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Data of 9,735 teachers shared after 'phishing' email breach

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A 'phishing' email, sent to a small number of its staff, caused a script to be activated that established an auto-forwarding rule for subsequent emails being sent to the staff members concerned (stock photo)

A 'phishing' email, sent to a small number of its staff, caused a script to be activated that established an auto-forwarding rule for subsequent emails being sent to the staff members concerned (stock photo)

A 'phishing' email, sent to a small number of its staff, caused a script to be activated that established an auto-forwarding rule for subsequent emails being sent to the staff members concerned (stock photo)

A data breach at the Teaching Council has led to personal information relating to 9,735 teachers being shared.

The council, which holds personal data on 104,000 serving and retired teachers, has alerted those affected and said it was "not likely to result in any real risk to you in circumstances where limited personal data was disclosed".

The data included name, address, PPS number, Teaching Council registration number, the month they joined the register and their renewal date.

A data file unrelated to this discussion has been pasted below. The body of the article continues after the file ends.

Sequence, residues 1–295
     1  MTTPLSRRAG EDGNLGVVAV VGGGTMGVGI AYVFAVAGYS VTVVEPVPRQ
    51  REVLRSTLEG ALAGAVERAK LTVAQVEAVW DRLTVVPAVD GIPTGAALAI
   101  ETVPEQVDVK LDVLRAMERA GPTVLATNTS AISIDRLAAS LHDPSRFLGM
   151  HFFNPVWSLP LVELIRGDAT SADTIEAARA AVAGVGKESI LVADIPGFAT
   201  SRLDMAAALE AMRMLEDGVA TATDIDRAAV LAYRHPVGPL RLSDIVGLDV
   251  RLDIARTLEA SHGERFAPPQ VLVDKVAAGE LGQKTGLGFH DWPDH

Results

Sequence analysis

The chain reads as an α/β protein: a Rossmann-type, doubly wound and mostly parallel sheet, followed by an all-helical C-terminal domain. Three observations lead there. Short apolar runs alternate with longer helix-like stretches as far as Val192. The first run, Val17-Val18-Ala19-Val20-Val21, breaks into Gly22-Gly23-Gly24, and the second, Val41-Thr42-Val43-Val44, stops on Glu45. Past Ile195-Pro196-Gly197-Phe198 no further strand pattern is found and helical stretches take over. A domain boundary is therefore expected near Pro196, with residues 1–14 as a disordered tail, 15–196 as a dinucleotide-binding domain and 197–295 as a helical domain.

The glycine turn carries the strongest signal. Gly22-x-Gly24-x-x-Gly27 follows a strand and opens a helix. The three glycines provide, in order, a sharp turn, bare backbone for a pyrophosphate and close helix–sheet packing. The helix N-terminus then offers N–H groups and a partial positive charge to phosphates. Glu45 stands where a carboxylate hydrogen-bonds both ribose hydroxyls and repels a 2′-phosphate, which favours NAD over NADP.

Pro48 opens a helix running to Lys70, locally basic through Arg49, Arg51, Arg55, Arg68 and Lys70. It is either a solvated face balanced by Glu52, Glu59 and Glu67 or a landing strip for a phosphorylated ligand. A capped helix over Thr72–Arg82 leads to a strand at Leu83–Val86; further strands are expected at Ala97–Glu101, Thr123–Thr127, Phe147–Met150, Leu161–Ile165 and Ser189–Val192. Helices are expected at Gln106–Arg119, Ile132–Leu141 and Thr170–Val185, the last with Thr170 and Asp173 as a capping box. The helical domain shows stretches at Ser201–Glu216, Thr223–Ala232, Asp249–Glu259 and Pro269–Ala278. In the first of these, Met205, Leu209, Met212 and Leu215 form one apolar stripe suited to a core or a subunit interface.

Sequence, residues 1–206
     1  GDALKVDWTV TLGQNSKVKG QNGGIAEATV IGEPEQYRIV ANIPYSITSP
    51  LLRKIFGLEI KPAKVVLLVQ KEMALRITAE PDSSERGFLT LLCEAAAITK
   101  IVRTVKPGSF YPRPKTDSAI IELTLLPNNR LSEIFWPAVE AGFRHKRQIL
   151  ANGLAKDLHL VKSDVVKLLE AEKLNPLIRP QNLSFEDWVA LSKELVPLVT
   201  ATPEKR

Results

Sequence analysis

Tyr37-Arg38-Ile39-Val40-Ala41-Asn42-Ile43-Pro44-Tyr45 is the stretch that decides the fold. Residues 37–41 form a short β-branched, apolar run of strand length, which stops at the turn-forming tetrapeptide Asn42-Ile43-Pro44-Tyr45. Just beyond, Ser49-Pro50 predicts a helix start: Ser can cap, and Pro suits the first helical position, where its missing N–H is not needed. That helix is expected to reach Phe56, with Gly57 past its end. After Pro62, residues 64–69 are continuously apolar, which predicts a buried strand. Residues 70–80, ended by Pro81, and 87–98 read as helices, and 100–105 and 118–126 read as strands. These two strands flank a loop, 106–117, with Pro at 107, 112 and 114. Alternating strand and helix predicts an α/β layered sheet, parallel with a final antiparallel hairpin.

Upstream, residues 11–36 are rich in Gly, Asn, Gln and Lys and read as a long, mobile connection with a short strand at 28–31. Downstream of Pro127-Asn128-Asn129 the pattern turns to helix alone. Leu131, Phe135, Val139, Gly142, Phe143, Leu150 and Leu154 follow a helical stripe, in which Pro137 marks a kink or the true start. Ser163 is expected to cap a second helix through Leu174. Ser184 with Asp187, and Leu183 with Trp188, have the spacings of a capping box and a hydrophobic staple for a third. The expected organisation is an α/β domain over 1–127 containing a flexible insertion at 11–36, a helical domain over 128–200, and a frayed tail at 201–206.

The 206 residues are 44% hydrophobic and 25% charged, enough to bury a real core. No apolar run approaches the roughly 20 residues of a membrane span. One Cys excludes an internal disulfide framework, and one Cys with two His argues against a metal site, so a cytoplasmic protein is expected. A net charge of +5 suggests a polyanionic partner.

Certain information relating to vetting, including the clearance data, status and reference number was also disclosed.

However, no financial or criminal conviction data was included, nor was the teacher's email address.

In an email to affected teachers on Thursday, the council said it had recently become aware of the incident.

In a statement yesterday, Teaching Council director Tomás Ó Ruairc said they had identified that there was an unauthorised attempt by an external source to access a small number of email accounts on the council's servers.

A 'phishing' email, sent to a small number of its staff, caused a script to be activated that established an auto-forwarding rule for subsequent emails being sent to the staff members concerned.

"This meant that emails received from those staff members were automatically forwarded to an external Gmail account for a short period of time," he said.

Included as an attachment to one of the emails that was forwarded was a spreadsheet containing the registration details of a number of registered teachers, including data relating to some teachers.

Mr Ó Ruairc said the Teaching Council took the matter and the security of data very seriously and apologised for any inconvenience caused.

"The circulation of such attachments in the council is not normal practice and steps have been taken to ensure that this does not happen again."

He said it was a strictly isolated incident and the wider systems or databases of the Teaching Council had not been affected.

The council notified to the Data Protection Commissioner (DPC) and, following its own investigation into the matter, has provided updates to the DPC.

Although a teacher's email address was not disclosed, and those affected have been told that the risk of a security threat was not likely, the council has advised that they remain vigilant.


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